April Snowfall

I think it’s because it’s snowing—because
all around the house something beautiful is happening
silently, outside every window—that the world
feels graceful, even numinous. That’s why we live here,
I think, where the world can contract to an intimate
stage set, a lacework of branches and snow

and falling flakes, that suggests a temporary beauty
so friendly to us, since we are temporary. It won’t be
here tomorrow, and neither will we, we think,
and so its beauty is more flowerlike, as though the branches
are all laden with white blossoms, a snowfall
that is like a single song, fairly brief, surprising us

into tears. Before we were writing and painting, but now
it’s snowing, and my wife is crying. Startling
how this patient silence shocks us into thinking
of transience. Not just the dead. But the living,
the frost gathering on their hair or beards. My wife
has been singing in her studio. She laughs about it

as she washes her brushes, her eyes reddened
and puffy. Some song her father used to play,
meant only to catch in people’s ears and charm,
has become her prayer. Is she thinking of me,
here for a moment, like the snow? It’s unfair to her
that the world is made to pass away, unlike a painting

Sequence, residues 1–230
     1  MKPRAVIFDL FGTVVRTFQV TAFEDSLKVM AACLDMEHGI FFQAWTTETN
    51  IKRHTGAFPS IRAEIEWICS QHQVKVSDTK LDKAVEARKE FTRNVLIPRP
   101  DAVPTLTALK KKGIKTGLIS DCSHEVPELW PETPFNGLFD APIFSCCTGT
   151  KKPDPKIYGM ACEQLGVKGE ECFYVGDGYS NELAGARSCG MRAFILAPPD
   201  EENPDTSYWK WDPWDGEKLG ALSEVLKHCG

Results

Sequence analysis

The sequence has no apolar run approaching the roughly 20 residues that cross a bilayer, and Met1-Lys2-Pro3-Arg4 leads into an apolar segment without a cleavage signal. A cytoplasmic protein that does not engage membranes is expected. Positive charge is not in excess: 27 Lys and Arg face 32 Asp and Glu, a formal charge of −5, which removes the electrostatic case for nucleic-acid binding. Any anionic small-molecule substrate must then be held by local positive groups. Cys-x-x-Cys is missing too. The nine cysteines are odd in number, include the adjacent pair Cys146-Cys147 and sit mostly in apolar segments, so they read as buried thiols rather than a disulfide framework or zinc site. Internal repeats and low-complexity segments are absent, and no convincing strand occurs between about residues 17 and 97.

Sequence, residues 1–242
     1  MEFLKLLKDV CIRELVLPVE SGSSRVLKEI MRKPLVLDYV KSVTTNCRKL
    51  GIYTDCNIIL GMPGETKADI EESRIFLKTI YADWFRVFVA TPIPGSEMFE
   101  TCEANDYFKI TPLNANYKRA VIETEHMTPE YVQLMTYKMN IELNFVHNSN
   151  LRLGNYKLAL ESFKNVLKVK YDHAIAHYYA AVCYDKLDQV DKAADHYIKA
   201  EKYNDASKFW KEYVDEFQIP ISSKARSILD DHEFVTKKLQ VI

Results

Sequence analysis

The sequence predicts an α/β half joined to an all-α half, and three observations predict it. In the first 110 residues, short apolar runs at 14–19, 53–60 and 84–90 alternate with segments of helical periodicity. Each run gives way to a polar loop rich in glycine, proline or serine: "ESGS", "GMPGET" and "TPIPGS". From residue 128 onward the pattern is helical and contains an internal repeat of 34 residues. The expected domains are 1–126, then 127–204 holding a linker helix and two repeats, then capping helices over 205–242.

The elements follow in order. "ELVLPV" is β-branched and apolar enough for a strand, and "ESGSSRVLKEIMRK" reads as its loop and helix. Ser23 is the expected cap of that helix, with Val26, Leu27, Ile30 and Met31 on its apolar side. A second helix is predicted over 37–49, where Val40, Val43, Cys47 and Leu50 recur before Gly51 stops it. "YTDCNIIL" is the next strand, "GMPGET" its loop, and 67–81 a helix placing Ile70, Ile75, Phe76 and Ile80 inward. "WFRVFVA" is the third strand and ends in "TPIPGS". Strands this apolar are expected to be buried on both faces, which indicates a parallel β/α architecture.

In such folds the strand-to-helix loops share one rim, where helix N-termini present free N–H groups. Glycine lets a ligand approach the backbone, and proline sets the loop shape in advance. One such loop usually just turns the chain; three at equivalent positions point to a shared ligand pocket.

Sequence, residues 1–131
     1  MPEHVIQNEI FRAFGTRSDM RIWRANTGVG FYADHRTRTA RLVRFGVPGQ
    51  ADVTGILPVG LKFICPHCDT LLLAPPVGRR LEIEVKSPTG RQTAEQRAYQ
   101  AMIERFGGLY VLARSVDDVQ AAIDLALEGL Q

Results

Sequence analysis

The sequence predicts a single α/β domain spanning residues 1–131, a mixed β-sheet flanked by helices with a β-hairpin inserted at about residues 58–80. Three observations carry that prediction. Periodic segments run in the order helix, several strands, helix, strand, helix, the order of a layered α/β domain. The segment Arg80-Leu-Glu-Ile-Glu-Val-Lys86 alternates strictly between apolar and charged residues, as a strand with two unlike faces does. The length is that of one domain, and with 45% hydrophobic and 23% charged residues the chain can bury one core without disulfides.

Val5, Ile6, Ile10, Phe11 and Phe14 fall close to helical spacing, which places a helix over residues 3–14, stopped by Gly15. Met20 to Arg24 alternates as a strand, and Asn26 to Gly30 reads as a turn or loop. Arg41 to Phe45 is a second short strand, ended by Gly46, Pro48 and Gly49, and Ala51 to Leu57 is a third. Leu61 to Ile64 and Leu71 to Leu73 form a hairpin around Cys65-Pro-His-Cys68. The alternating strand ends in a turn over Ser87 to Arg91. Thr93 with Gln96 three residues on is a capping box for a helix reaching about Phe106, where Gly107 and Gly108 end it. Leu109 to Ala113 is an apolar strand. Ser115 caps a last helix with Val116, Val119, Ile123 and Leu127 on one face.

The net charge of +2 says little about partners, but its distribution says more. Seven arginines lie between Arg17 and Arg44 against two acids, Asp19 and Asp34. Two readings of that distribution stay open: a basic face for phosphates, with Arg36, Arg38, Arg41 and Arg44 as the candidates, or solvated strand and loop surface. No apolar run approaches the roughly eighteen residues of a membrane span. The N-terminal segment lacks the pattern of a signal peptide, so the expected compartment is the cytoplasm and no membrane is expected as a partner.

made to archival standards. Here she puts the trees,
here the snow, that will not melt. Outside
the birds are silent, dumbstruck by the sudden change.

Alan Feldman’s poetry has appeared in The Atlantic, The New Yorker, The Nation, Poetry, The Kenyon Review, The Southern Review, Ploughshares, Iowa Review, Threepenny Review, Virginia Quarterly Review, Yale Review, and others. His full-length collection of poems, The Happy Genius (New York: Sun, 1978) won the 1979 Elliston Book Award. A Sail to Great Island (University of Wisconsin Press) was awarded the 2004 Felix Pollak Prize in Poetry. Another collection, Immortality, published by the University of Wisconsin Press in 2015, was awarded the 2016 Massachusetts Book Award for Poetry. His latest collection, which received the Four Lakes Prize from the University of Wisconsin Press, is The Golden Coin (2018). The National Endowment for the Arts and the Massachusetts Artists Foundation have awarded him fellowships in poetry. He lives in Framingham, MA and, in the summer, in Wellfleet, MA, and currently offers free, drop-in poetry workshops in those towns. He is married to Nan Hass Feldman, an artist.